An evaluation of smartphone driver support systems for young drivers - acceptance, efficacy, and driver distraction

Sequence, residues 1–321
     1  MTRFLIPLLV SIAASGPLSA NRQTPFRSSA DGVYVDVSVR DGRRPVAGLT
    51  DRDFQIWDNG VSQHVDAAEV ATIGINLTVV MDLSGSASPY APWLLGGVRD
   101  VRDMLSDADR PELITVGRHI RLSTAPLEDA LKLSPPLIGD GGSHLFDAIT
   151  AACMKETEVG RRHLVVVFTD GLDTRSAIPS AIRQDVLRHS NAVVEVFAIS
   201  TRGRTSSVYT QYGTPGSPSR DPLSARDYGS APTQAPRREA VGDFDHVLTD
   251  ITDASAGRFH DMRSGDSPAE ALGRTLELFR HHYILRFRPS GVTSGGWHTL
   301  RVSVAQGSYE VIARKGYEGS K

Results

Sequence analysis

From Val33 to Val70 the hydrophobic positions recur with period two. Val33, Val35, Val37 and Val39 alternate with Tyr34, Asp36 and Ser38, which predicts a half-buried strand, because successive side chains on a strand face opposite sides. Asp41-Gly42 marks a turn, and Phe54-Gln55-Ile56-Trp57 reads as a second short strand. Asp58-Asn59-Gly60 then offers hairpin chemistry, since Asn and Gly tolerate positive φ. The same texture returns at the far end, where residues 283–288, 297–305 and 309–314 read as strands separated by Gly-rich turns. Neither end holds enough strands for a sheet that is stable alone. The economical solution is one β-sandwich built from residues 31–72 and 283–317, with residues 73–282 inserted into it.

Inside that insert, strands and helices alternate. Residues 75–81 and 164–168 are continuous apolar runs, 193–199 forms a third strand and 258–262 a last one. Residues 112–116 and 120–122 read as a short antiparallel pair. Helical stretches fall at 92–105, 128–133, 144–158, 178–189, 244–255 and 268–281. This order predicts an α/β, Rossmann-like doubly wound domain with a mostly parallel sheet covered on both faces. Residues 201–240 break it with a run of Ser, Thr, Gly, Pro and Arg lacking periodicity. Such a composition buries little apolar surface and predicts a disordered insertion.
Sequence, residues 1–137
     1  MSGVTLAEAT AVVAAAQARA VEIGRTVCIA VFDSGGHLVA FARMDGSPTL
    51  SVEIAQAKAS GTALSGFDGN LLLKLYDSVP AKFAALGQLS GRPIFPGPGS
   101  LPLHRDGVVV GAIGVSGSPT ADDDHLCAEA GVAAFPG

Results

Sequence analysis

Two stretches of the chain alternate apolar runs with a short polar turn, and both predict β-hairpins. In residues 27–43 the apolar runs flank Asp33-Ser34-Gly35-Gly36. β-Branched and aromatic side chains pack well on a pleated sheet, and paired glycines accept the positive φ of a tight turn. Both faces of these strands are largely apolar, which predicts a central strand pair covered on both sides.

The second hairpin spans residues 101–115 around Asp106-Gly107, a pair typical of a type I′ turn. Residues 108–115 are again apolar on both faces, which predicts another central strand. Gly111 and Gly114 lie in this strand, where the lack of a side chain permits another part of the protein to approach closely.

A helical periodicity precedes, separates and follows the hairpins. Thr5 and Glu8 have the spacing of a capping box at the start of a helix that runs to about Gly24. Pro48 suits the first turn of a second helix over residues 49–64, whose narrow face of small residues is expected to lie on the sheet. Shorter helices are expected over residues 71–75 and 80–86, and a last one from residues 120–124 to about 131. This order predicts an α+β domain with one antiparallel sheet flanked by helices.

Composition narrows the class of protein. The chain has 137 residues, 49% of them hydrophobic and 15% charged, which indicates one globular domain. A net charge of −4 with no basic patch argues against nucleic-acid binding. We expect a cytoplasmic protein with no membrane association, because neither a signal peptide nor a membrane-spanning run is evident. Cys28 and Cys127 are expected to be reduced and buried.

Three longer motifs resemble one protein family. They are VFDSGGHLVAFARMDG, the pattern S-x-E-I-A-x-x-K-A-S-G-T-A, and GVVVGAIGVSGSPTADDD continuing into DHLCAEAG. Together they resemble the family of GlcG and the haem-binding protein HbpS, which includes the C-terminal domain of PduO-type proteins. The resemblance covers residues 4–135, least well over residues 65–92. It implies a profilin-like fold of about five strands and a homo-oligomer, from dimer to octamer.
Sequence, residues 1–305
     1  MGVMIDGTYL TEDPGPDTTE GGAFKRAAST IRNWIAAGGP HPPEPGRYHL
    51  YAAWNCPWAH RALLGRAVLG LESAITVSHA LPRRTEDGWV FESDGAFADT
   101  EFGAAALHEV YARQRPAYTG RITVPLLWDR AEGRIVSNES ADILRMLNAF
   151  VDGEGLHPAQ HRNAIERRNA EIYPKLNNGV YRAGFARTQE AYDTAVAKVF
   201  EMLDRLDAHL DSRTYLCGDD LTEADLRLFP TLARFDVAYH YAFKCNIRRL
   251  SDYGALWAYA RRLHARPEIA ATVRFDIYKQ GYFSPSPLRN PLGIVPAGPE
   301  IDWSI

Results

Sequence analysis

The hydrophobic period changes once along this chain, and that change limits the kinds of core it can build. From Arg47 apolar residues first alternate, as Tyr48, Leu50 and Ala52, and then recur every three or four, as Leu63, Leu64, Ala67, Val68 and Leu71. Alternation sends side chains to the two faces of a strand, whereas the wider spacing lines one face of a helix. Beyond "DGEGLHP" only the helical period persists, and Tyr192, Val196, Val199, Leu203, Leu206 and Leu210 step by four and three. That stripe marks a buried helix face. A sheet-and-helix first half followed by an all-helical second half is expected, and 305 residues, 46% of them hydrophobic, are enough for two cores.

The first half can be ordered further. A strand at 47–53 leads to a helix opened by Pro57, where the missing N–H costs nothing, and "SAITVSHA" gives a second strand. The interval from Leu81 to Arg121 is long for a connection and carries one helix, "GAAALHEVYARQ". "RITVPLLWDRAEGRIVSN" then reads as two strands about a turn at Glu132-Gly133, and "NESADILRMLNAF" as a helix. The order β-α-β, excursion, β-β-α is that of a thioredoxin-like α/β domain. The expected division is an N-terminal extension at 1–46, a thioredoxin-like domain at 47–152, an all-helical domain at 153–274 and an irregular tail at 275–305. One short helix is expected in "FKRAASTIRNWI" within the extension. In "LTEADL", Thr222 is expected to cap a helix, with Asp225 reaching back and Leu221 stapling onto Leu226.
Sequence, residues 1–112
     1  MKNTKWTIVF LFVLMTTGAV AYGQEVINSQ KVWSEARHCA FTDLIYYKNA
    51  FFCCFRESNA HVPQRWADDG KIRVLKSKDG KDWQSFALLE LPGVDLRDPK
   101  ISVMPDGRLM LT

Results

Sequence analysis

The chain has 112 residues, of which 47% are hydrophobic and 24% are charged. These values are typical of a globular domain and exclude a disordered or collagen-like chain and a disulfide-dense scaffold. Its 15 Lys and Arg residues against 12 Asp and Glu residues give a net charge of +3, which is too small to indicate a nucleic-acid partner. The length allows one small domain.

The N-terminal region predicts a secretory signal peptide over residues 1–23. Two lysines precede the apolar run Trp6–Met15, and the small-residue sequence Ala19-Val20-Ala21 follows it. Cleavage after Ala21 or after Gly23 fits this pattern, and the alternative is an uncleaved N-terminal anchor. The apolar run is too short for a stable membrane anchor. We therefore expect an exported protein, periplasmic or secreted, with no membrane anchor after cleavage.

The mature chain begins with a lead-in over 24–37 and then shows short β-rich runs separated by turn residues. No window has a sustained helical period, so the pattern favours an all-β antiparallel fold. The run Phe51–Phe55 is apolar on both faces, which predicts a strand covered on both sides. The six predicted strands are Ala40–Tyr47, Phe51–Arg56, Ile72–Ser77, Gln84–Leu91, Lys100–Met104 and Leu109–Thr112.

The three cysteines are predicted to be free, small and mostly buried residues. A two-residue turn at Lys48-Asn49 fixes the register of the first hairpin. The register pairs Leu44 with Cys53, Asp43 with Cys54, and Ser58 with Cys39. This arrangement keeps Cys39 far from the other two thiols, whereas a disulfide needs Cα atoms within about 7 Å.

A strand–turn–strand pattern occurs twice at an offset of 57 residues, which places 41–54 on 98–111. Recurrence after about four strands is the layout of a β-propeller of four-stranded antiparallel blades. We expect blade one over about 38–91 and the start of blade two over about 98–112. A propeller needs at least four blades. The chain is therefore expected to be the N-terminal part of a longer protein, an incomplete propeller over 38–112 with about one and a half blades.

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Background: Smartphone Driver Support Systems (SDSSs) are novel smartphone applications designed to monitor, give feedback on, and improve driving behaviours. Young drivers (aged 18-24) are a priority market for SDSS providers as they are disproportionately represented in the Road Traffic Collision (RTC) fatality and injury statistics. Although studies examining the use of conceptually similar In-Vehicle Data Recorders (IVDRs) would support the assertion that SDSSs will have a similar road safety value, no empirical research has tested this to date. Aims: The primary aims of the current programme of research were to: a) investigate young driver acceptance of these new systems; b) determine if they can be effective in improving young driver behaviour; and, c) explore whether or not they may distract young drivers and present a RTC risk. Methodology: These aims were addressed over a series of studies that converge around three research themes: ‘technology acceptance’, ‘efficacy in improving driver behaviour’, and ‘potential for distraction’. Acceptance studies consisted of a systematic review of research examining the acceptability of in-vehicle monitoring for young drivers (Study 1, k = 6), and the testing of a novel model to elucidate the factors influencing young driver acceptance of SDSS technology (Study 2, n = 333). The efficacy studies commenced with a systematic review of research that tested the impact of monitoring on the driving performance of young people (Study 3, k = 8). As the experimental studies in this programme of research utilised a novel driving simulator, a simulator adaptation (Study 4a, n = 30) and validation study (Study 4b, n = 30) were also conducted at this stage. These were followed by an examination of the impact of driving with a monitoring SDSS on young driver speed (Study 5, n = 42). The effects of engaging with a SDSS that provides real-time feedback, a monitoring SDSS and financial incentive, and a SDSS providing combined real-time feedback and a financial incentive for use were then examined (Study 6, n = 56). Last, the potential for SDSSs to distract drivers was assessed by a study which measured performance on a Peripheral Detection Task (PDT) while driving with a SDSS providing real-time, visual feedback alerts (Study 7, n = 51). Findings: Overall, results indicated that young drivers rate SDSSs as acceptable for use, and that this acceptance is primarily influenced by perceptions of gains and social influence factors. In terms of efficacy, findings pointed to three conditions in particular under which driving performance improved: 1) when the SDSS provided monitoring alone; 2) when monitoring was offered in conjunction with a financial incentive, or; 3) when monitoring was combined with real-time feedback and a financial incentive. During the final study, which addressed distraction however, slower reaction times and missed stimuli on a PDT emerged under SDSS real-time feedback conditions. Conclusions: These findings suggest that SDSSs have potential value in mitigating young driver risk. However, any value offered by SDSSs in terms of reducing speeding and other forms of rule violations must be considered against the potential for systems that offer real-time feedback to lead to driver distraction. Implications: The findings of these studies have implications for SDSS design and functionality, promotional campaigns, and future research needs, such as longitudinal distraction Field Operational Tests (FOTs).
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